Covering Washington politics. From our vantage point. One day a time.

Tuesday, May 8, 2012

Will College Students Decide The Next Election?

Suffice it to say, the Obama election in 2008 was partly successful thanks to the millions of young people who voted for him.

This time around, will he garner the same support?  Or will those same young people, many of the college students, side with the Republicans even though they voted against the president's effort to keep college loan rate from increasing on July 1st?

"It is extremely disappointing that Republicans in the Senate today voted to ask millions of students to pay an average of $1,000 each in order to protect a loophole that allows millionaires to dodge payroll taxes", said White House press secretary Jay Carney.

With millions of college students already unable to find work after college, the recent blow for students who must begin to pay back student loans - with no paycheck - is seemingly too much to digest at one time.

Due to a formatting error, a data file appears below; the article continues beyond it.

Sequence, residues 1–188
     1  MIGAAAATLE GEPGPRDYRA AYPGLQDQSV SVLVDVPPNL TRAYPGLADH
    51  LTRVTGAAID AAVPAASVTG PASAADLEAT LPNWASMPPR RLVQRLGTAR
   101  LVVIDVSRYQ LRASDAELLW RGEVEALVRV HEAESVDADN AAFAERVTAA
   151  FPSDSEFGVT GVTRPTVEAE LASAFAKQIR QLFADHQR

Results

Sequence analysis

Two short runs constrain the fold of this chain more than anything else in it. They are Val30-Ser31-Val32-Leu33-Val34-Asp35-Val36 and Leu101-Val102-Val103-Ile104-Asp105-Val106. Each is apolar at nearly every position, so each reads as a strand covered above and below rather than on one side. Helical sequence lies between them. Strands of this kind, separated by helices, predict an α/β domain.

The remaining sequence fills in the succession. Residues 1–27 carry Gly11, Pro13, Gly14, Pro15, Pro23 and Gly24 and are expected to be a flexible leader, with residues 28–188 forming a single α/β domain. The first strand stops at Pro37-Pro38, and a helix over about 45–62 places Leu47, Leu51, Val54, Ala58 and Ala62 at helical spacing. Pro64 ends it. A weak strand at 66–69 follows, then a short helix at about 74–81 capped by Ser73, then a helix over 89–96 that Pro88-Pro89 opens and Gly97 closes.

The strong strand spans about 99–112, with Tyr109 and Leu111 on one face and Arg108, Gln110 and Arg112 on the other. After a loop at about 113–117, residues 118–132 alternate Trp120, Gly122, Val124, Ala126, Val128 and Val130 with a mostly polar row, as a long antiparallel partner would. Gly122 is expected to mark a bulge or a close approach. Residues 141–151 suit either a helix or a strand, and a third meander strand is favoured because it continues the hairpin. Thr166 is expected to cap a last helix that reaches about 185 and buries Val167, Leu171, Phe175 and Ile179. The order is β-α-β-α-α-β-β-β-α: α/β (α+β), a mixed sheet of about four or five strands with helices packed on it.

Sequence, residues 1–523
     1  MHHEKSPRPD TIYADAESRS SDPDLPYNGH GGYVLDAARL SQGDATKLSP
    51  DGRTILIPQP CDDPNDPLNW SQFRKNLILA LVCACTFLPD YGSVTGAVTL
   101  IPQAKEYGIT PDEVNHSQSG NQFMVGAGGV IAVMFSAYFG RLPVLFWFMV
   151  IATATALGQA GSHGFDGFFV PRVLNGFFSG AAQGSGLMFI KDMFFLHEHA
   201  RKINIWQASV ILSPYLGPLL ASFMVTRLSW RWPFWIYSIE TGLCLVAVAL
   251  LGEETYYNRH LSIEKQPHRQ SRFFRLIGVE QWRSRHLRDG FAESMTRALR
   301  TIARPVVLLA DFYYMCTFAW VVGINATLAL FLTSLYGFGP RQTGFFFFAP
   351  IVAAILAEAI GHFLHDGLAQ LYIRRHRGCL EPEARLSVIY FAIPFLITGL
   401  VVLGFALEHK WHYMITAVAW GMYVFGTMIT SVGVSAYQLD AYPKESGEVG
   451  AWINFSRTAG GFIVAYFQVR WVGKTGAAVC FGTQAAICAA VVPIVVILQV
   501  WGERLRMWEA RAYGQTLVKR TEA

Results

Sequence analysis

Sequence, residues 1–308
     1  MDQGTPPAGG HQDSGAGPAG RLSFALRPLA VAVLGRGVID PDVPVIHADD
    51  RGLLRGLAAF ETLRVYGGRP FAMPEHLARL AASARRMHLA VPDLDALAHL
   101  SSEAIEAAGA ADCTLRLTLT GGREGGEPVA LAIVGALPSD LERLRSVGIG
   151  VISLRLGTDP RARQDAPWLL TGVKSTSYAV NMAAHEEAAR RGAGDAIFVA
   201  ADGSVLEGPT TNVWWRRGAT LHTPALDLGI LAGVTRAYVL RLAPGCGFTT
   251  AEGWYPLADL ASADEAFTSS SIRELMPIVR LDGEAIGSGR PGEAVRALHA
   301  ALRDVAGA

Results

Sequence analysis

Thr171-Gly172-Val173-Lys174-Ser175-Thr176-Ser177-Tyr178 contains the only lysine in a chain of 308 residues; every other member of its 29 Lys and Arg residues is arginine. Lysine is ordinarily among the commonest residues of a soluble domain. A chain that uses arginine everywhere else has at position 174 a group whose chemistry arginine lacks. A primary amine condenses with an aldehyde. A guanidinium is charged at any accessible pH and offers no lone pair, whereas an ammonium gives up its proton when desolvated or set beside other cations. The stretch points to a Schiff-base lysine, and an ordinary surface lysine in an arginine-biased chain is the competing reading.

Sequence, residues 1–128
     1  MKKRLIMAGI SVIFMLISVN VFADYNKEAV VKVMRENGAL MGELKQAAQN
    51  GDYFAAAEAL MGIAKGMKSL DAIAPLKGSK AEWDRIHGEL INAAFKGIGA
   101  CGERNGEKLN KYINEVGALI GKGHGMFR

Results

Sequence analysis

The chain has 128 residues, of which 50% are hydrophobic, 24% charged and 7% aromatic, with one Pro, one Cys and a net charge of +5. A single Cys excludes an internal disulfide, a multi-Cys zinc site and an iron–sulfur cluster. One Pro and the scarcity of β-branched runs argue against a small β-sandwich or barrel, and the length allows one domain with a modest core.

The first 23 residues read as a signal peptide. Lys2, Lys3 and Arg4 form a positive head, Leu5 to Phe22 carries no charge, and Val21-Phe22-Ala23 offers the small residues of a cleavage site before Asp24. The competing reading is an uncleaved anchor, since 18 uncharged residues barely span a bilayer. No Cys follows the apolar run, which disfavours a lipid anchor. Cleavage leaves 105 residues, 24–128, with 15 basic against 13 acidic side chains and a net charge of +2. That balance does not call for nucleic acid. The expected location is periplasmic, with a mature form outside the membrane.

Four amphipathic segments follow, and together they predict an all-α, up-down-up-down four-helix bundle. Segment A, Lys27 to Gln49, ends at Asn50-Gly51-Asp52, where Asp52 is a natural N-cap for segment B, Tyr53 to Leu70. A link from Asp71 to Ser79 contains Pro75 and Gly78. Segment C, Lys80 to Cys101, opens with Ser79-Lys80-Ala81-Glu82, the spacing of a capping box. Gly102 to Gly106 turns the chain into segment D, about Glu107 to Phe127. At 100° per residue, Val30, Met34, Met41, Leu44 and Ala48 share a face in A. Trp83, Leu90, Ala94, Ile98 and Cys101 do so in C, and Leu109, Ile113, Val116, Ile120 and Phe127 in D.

President Obama made several stops last week at college and high school campuses, campaigning for Congress to lower student loan rates.

"It’s now to the point where the average student who borrows to pay for college graduates with about $25,000 worth of debt -- $25,000", President Obama said at a high school in Arlington, Virginia. 

The Democratic bill, "Stop the Student Loan Interest Rate Hike Act of 2012," under President Obama, would have kept interest rates for subsidized Stafford loans at 3.4 percent for an additional year, rather than doubling automatically for new loans starting July 1.

But it seems Congress wouldn't budge, again, and in a vote of 52-45, short of the eight votes needed to begin debating the legislation, the effort remains at a standstill even though Congress claims they don't want student rates to increase.

"But unfortunately, rather than find a bipartisan way to fix this problem, the House Republicans are saying they’re only going to prevent these rates from doubling if they can cut things like preventive health care for women instead", the president said.

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